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Is Our Pastor A Church Employee?


From time to time people call asking if the pastor is a church employee.  In some denominations, the answer could be "yes" or "no."   In the United Methodist Church in the South Georgia Conference, the answer is an unequivocal "yes."


ACCORDING TO THE IRS, YOUR pastor definitely IS a church employee.  They are to receive a W-2 at the end of the year for all wages paid.  HOWEVER, there is a Social Security statute that says even though the pastor is a church employee, for the purposes of social security taxation alone the pastor is treated as self-employed.  This means the church is prohibited from withholding or paying FICA taxes on their clergy.  The church MAY withhold regular income taxes, but is not required to do so.


If your pastor is a lay supply appointment, they do not meet the standard of "clergy" for the United Methoist Church, and so the church must treat them as they do any lay employee (including withholding taxes and paying FICA taxes).  Lay supply pastors do not benefit from housing allowance regulations.


There are NO CIRCUMSTANCES where appointed or assigned pastors in the South Georgia  Conference are independent contractors.


THE DEPARTMENT OF LABOR will treat your pastor as a church employee.  They are covered by applicable labor regulations.  Conference rules REQUIRE the church to have Worker's Compensation insurance on the pastor.


IN THE LOCAL CHURCH, it depends.  If your local church has a personnel manual or personnel policies, the SPRC may require that pastoral staff abide by those regulations in the same manner that other church employees do.  HOWEVER, The Book of Discipline and the Standing Rules for the annual conference provide some specific requirements (such as vacation, continuing education, and attendance at sessions of the annual conference) which the church may not restrict or replace.


Do We Really Have To Do This?

Sometimes people think that because we are a church, we're not subject to these tax and labor laws -- not so! There are numerous current cases where churches are being fined for failing to follow IRS payroll rules.   Sometimes people are just aggravated about the bother of it all, and don't want to go through the hassle!  People have said to me, "Well, we never had to do it before."  (Which really means either we never knew about it before or we've never been caught and penalized for not doing it.)  I go back to the teachings of our Lord.  Jesus was asked specifically about whether or not disciples needed to obey secular laws.  His reply was clear and unequivocal:  Then He said to them, “So give back to Caesar what is Caesar’s, and to God what is God’s." (Mt 22:21) Our obedience to these laws is a form of our obedience to our Lord.


How Much Work Is This Going To Be?

Like most things, getting everything set up is pretty involved, but once you have it set up, keeping it running is not very difficult.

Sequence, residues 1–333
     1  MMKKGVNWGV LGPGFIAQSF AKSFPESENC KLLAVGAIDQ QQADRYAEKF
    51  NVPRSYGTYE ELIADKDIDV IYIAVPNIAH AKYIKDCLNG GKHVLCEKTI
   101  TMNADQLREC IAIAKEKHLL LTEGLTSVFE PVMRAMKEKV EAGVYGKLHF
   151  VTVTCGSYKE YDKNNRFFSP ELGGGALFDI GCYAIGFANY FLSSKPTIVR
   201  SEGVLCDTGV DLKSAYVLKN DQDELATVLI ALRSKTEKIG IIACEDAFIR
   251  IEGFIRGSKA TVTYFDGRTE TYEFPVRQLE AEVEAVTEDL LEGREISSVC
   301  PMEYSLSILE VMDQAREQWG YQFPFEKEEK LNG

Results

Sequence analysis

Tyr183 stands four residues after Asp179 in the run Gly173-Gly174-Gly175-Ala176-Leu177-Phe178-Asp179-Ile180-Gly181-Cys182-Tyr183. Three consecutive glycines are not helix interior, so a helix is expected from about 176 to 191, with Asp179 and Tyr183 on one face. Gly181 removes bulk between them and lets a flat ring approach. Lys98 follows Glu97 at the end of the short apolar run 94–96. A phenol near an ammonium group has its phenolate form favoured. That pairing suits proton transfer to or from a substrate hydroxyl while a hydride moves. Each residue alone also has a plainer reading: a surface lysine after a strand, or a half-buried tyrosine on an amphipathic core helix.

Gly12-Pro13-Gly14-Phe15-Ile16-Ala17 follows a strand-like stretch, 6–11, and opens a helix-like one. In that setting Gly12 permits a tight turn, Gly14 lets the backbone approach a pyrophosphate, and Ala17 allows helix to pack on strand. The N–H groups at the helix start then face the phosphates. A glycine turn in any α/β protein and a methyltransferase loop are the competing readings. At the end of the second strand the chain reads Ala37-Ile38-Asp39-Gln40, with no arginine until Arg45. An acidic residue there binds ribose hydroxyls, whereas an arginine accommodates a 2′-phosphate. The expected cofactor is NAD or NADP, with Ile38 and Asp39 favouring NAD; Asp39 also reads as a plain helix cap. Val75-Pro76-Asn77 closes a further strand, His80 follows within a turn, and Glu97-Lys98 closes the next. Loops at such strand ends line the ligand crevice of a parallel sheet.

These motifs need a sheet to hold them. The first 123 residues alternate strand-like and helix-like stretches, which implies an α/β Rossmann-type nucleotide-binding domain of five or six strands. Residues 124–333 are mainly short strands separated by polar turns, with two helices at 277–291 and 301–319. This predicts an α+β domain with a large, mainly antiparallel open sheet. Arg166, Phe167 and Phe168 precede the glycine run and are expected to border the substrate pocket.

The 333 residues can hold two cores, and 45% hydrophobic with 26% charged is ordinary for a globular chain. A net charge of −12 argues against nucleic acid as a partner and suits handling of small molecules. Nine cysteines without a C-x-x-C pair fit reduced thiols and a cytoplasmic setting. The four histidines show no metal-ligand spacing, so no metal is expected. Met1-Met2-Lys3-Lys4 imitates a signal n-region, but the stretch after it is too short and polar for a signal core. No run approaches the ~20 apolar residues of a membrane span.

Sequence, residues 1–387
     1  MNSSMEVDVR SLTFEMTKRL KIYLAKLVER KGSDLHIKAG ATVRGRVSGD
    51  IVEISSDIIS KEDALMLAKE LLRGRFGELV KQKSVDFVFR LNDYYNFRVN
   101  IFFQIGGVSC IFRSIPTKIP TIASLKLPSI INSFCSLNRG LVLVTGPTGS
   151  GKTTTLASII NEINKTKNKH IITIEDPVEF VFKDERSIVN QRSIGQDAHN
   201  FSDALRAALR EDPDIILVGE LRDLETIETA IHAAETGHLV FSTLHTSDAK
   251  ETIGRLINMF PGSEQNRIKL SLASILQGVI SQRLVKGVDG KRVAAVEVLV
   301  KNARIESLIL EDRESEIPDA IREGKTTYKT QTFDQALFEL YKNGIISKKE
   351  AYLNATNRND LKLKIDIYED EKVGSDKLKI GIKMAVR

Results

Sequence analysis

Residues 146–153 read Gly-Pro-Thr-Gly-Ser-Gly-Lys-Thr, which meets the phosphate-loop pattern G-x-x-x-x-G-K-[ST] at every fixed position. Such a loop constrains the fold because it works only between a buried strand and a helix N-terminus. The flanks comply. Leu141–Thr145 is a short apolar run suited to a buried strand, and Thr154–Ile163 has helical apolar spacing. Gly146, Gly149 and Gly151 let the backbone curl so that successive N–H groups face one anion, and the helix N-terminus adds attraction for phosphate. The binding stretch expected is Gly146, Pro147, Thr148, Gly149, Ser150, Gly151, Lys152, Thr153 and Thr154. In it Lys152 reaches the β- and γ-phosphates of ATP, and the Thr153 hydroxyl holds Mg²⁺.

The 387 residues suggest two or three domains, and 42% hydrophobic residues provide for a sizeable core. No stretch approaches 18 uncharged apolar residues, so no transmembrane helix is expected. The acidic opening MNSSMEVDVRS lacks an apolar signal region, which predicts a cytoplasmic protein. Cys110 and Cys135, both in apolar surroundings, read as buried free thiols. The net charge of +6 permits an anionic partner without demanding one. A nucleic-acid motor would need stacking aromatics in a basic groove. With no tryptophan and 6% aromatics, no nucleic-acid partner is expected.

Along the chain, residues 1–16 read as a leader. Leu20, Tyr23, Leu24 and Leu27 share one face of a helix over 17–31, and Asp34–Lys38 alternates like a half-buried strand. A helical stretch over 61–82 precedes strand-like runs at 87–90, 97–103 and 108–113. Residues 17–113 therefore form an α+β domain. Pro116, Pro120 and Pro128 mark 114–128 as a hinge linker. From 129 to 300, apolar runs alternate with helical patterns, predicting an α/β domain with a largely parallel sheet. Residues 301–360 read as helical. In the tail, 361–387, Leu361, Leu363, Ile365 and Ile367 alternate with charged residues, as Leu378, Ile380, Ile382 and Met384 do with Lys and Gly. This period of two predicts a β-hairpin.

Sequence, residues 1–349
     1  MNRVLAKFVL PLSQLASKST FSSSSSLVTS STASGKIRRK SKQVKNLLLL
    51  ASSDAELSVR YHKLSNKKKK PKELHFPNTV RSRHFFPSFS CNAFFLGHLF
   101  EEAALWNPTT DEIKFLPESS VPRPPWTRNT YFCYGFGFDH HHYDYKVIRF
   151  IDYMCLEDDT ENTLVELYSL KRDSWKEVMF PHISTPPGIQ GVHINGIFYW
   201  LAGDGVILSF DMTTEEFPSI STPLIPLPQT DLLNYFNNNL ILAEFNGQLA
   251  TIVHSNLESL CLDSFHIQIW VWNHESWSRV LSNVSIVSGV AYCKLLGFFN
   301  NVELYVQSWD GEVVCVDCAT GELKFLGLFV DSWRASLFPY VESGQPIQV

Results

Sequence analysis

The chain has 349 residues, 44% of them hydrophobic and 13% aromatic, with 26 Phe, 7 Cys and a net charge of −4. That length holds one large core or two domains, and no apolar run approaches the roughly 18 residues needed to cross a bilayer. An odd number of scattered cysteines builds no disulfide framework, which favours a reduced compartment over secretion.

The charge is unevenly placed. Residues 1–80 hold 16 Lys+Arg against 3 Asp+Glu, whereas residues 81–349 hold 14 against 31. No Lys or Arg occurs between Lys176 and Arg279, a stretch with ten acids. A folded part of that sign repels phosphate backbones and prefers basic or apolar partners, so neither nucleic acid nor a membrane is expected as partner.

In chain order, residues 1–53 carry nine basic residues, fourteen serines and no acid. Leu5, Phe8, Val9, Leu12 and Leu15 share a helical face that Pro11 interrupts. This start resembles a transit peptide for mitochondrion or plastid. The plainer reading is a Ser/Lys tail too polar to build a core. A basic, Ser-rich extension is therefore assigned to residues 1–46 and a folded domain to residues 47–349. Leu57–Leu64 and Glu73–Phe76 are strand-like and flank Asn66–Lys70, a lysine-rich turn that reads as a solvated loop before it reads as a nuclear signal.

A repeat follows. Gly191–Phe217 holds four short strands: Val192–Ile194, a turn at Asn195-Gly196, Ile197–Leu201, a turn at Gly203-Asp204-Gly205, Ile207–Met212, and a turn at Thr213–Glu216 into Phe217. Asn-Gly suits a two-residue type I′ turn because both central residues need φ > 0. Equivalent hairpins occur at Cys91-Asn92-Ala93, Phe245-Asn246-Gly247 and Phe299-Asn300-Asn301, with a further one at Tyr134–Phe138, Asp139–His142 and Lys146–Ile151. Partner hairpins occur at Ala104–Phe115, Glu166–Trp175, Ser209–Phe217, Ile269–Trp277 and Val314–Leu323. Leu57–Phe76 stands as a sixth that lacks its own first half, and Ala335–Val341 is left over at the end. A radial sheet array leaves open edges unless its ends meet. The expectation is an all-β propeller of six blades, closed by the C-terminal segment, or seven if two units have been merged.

Step One

First, your church needs a Federal Employer Identification Number (EIN).  This is the business version of a Social Security number. 


Not sure if your church HAS an EIN?  Look on the W-2 -- it will be there.  No W-2s?  Call 1-800-829-4933 to find out.  (I recommend you get a book and a cup of coffee or tea, as you're likely to be on hold for a while waiting your turn).


If you don't have one, you'll need to get one.  To apply for a FEIN, go here.  This is the first step to be able to give your pastor a W-2, or give contractors a 1099.


Step Two

Once you have your EIN, you'll need to register to do the W-2 and W-3 online.  You register with the Social Security Administration's Business Services Online (BSO).  BE SURE to safely note your login and password.  You'll likely only use this website once a year, and it's easy to lose track of the login information.


Step Three

Once you have your EIN and a login at the BSO site, you're ready to complete the W-2. 

  • You'll need the pastor's name, address, and Social Security number. 
  • You'll need to know how much you paid them in the past year. 
  • You'll need to know how much you withheld from the pastor's pay for their personal pension contribution (and health insurance, if applicable). 

That's pretty much it, if the pastor is your only employee. The IRS says if the pastor is your only employee, and you are not withholding taxes, you do not need to worry about filing quarterly 941s.


The pastor's compensation form from Charge Conference provides little notes on the far right column to tell you where each item goes on the W-2.  We also have more information on how to do the W-2 on this page.


More Resources


We provide resources concerning tax details for clergy and local churches here.


If you'd like help determining if any other persons you pay are employees or independent contactors, look here. It is likely that most of the people whom the church pays are actually employees.


Disclaimer: The South Georgia Conference does not engage in offering direct tax advice to clergy or congregations. The South Georgia Conference Office of Administrative Services has provided the content of this page for general informational purposes only. You should not substitute this information for personal consultation with a qualified professional in the field, nor should you solely rely upon this information in taking any action. 

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